Before a subject matter expert (SME) writes the first item, before the exam cut score is determined, you need a solid foundation and strategy to base your exam. This cornerstone is the exam blueprint. The blueprint, or critical document, contains the content and specifications for an exam. In this blog, I address multiple-choice and short answer exams, since blueprints for performance-based exams require different sets of rules and constraints.
As part of any job task analysis (JTA) performed in an exam development cycle, one of the major deliverables will be an exam blueprint. An exam blueprint contains three key elements:
- The number of items asked in the exam
- The major section headings
- The individual exam objectives in each section
The major sections represent the main areas of focus for the exam, like modules in a course. The objectives represent the complete body of knowledge that the exam covers, as well as what you expect the candidate to know to get a passing score. These are equivalent to individual module learning objectives.
Best practices for a blueprint:
- No more than seven sections
- A limit of 20-22 objectives
The content domain dictates how many sections you have. Typically, in a JTA, you use some methodology to determine the number of sections and objectives. The number of objectives is really the key number. As your number of objectives increases, the amount of questions you can ask for each objective decreases. That means, due to the constraints of the blueprint you may not be able to dive as deeply as you desire technically.
For those objectives where you have only one item, ask yourself, is answering one question correctly enough for a candidate to demonstrate mastery of the concept? Think of the exam as a job interview, where you may ask only 60 questions. If you were interviewing a candidate about advanced network architecture, would one question about IP addresses convince you the person knows that subject?
Look to pare your objective counts by making them broader, instead of specific, in scope. A carefully worded umbrella objective might span multiple concepts and helps reduce your objective count. You could also increase the number of items on the exam and the time. However, a consideration is that some delivery platforms charge more for longer seat time, which could lead to higher delivery costs.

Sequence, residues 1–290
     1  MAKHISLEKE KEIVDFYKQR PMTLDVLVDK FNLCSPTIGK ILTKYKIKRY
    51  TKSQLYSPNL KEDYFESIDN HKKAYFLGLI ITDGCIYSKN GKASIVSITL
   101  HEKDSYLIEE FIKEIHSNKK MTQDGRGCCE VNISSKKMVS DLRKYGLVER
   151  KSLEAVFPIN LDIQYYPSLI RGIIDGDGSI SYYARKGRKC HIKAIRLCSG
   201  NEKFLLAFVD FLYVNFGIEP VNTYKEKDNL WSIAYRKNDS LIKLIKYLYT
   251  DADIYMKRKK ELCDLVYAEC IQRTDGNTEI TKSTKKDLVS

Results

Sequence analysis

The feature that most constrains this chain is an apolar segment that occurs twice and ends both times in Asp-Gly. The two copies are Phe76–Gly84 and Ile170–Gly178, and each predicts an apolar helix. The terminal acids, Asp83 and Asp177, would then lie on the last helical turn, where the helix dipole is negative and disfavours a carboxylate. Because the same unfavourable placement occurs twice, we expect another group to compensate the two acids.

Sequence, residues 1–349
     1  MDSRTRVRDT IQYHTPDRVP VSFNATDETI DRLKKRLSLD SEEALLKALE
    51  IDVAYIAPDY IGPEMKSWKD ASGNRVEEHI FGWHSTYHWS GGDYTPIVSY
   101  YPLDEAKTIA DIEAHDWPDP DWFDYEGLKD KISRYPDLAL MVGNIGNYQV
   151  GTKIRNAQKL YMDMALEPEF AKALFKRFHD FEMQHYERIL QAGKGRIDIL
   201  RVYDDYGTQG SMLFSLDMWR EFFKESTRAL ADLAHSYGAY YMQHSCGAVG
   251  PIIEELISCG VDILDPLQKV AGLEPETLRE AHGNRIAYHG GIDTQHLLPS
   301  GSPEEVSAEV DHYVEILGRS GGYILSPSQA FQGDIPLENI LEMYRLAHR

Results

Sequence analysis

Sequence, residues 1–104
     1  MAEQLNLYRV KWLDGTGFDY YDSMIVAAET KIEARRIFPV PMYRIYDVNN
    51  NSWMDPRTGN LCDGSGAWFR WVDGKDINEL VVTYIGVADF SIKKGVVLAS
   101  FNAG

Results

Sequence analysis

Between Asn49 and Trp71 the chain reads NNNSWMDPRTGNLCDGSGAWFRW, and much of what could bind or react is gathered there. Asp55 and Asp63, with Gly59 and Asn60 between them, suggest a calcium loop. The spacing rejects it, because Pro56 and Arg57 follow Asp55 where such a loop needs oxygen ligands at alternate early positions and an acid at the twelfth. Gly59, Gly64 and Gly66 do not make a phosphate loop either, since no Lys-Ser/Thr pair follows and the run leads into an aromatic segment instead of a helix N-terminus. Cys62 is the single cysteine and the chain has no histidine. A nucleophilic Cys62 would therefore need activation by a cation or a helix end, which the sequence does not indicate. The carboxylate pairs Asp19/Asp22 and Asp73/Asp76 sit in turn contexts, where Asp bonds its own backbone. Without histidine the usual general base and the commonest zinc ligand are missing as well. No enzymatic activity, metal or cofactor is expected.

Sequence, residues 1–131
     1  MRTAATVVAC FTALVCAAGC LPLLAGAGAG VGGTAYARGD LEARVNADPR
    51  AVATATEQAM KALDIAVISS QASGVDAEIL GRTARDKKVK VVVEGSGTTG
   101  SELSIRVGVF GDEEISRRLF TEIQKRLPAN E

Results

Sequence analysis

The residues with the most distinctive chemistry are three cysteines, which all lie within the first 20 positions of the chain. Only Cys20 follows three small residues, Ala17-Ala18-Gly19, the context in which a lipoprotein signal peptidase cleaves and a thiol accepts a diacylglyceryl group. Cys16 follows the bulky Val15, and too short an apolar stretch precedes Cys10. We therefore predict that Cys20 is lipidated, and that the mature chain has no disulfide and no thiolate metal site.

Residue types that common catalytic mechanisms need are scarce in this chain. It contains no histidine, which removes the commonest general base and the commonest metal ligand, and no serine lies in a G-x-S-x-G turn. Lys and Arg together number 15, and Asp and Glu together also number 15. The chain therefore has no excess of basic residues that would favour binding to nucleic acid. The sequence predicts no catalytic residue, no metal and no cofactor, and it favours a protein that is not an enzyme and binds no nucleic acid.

When considering the objectives you create, give thought to the level of the exam. There are two types of objectives, recall and reasoning. Recall is straight knowledge of a fact. Reasoning requires a higher cognitive skill to arrive at a solution given a situation. Especially on a multiple choice or short answer exams, drive for a higher number of reasoning objectives. You want the exam to be more than a regurgitation of facts.
Reasoning items are always an issue with SMEs, since they are typically hard to write. Therefore, you need to convince your SMEs the exam will be stronger by including more reasoning items. Based on the level of the exam, consider these three guidelines:
- Entry-level exams: 70% recall, 30% reasoning
- Mid-level exams: 40% recall, 60% reasoning
- Advanced-level exams: 10% recall, 90% reasoning
If you are able to, it is good practice to exceed the percentages for reasoning items. The more reasoning items on the exam, the higher the cognitive process will be. There are times when straight fact recall is important as well, so don’t totally avoid recall items. There is no good reason to write a scenario and make an item longer if the scenario is not necessary. If you can cover up the scenario and still answer the item based just on the stem, then you do not have a reasoning item.
One last best practice: Once you get all the SMEs to ratify the sections, objectives, and item counts per objective, you must consider this cast in concrete. It is important to stress this with the SMEs during the JTA process, because inevitably they will beg later on, asking to redistribute item counts because they cannot meet the item targets. The JTA workshop leader should have the wisdom and experience to caution the SMEs throughout the process so they do not agree to a promise they will not be able to fulfill. Once the SMEs set a blueprint, it should remain unchanged.
I welcome any comments, feedback or descriptions of your own experiences.
Joe Cannata is the Certification Director at Kinaxis and the CEdMA Membership Trustee.